Jane Hamilton: Writing an obsession and a joy
By Deirdre Parker Smith
SALISBURY — Jane Hamilton was just as charming answering questions as she was during her talk Thursday at the Brady Author’s Symposium at Catawba College.
She started by sharing from one of her favorite pieces, an essay by Willa Cather on Katherine Mansfield, “One realizes that human relationships are the tragic necessity of human life; that they can never be wholly satisfactory, that every ego is half the time greedily seeking them, and half the time pulling away from them.”
Hamilton said the piece expressed “the rich mind novelists can go to.”
Her books have been told in first person and in third, which prompted a question from Deal Safrit: Is first person intimidating for a writer?
John Updike said it was easier, Hamilton said, and he thought writers should start with the third person narrative to challenge themselves. Richard Russo said the first person narrator is the mature point of view for a writer.
“Voice is an intuitive decision,” Hamilton said. “ ‘The Book of Ruth’ has no plot. It’s fueled by her voice.
“I love third person, I want to write more of it … what you get with it is a kind of very quiet commentary.” As she gets older, she’s more interested in books written in the third person.
She told the earlier audience about a failed novel — what happened?
Well, when she wrote “Map of the World,” she wrote “four complete novels” before she got it right. She got her main character, Alice, in trouble, but couldn’t figure out how to get her out of it. Then she read about a young woman convicted of abusing children at a day care, falsely accused, and realized she had to get Alice in more trouble before she could be redeemed.
“I got to the end of the gajillionth draft when I realized the book was about marriage … So then I got it. It would never happen like that again. HA!”
She’s written the failed novel four times. “It’s like I’m doing archaeology in the wrong city.” But she plans to keep digging.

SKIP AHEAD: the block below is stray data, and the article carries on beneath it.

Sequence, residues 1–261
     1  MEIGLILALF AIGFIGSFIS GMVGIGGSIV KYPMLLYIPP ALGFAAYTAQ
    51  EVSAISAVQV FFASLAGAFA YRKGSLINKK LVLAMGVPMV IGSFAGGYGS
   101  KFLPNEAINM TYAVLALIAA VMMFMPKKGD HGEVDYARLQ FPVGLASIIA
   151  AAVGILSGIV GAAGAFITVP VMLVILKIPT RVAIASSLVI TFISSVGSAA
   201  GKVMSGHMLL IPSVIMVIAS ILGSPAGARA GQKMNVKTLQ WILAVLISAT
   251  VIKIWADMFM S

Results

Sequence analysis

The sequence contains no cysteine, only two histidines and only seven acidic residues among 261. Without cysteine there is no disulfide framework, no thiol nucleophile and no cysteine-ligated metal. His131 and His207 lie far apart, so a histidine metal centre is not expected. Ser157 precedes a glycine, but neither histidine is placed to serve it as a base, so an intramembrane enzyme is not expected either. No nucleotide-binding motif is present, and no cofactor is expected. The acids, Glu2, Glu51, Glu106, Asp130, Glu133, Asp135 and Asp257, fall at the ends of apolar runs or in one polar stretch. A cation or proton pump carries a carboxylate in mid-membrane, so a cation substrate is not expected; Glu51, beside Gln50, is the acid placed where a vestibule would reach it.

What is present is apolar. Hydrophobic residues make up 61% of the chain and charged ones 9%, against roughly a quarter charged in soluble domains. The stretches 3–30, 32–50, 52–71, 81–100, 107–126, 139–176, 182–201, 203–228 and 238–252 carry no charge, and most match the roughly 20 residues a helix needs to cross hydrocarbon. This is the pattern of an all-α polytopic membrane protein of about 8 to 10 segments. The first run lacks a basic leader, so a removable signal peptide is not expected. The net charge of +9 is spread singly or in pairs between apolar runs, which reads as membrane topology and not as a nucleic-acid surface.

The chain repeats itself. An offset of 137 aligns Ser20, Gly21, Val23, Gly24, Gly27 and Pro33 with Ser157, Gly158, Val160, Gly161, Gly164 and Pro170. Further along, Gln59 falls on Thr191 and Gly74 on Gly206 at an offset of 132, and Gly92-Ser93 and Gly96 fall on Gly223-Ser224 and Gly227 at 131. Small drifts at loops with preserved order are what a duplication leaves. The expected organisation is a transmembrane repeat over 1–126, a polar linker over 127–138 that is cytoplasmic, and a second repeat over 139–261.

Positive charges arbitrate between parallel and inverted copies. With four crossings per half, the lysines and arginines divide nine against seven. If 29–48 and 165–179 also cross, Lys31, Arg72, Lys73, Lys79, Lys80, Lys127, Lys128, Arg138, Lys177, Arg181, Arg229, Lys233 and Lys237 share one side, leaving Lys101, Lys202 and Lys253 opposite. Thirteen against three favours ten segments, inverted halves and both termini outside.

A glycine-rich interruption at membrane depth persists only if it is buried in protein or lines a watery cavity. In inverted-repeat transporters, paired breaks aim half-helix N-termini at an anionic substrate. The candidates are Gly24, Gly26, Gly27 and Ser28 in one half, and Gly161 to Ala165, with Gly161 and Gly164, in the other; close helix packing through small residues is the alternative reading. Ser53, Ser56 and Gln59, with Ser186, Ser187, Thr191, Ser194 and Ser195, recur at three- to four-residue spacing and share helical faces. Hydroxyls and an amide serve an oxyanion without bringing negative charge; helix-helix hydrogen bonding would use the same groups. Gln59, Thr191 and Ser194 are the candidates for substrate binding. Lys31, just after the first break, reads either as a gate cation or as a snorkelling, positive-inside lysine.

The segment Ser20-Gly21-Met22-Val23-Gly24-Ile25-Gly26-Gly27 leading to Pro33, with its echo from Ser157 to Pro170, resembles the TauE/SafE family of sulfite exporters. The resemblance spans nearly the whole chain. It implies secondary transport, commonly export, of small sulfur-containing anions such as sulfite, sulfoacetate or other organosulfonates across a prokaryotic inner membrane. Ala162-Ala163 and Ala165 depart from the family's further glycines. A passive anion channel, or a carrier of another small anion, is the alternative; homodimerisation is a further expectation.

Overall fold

Hamilton does multiple drafts for everything she writes. “Sometimes I can’t do the next thing until I finish the bad thing.
“Jane Smiley does just one draft. I find that hard to believe. Does she take a longer time with each sentence?”
Hamilton writes quickly, “trying to find the plot. I know the trouble, I know a couple characters and the last line. I keep driving into the middle, but then I go back” fixing things.
“It’s really important to read your work out loud to yourself. You must enjoy your own work, enjoy the process … sometimes I read my work into my iPhone and play it in the car.”
Once she read a part of a novel to her husband. He was bored. She set it aside with great relief, glad to be rid of it.
More tips and revelations:
• The danger of workshops is people believe “you can make a plot by reading a how-to book.”
• How do you get into your characters? “With Howard McCloud (“The Short History of a Prince) I imagined putting on his body every day, with all the things his body should have … I had to get the timbre of his voice. … You inhabit other lives as well as your own. You carry your people with you.”
• She isn’t Ruth, “but we have the same temperament.” They share a certain spirituality. “I had to give her books — how else do you form a self?”
• When she was writing the satire, “Laura Rider’s Masterpiece,” she was “really angry.” She was filled with anxiety that everyone wants to be a writer, but no one is reading.
• “Some people write because they’re angry or to celebrate something or to try and recapture youth.”
• “I think we are all plugged into a collective consciousness. Our words are smarter than we are,” she laughed, “sometimes they’re dumber, too.”
• What happens on a bad day? “I want to get it right. I want to honor that kernel that’s already there.I have a duty to the work and the people.” It’s important, she said, to take time off before going back.
• Writing is a compulsion, an obsession. “Some people say it’s lonely. Are you kidding? You’re surrounded by people of your own creation. It’s kind of fun.”
• When she started writing, she had small children and shared a computer with her husband. “My early novels were fueled with pure rage,” she said. She wanted to be a good mommy, a good wife, a good writer.
She now writes from around 8 in the morning until 3 in the afternoon, with a break for lunch. Then she starts moving — swimming, running, “I do that to process.”
• A genius writer, she said, has a clear-eyed wonder of humanity. “Having a little of that is every writer’s wish.”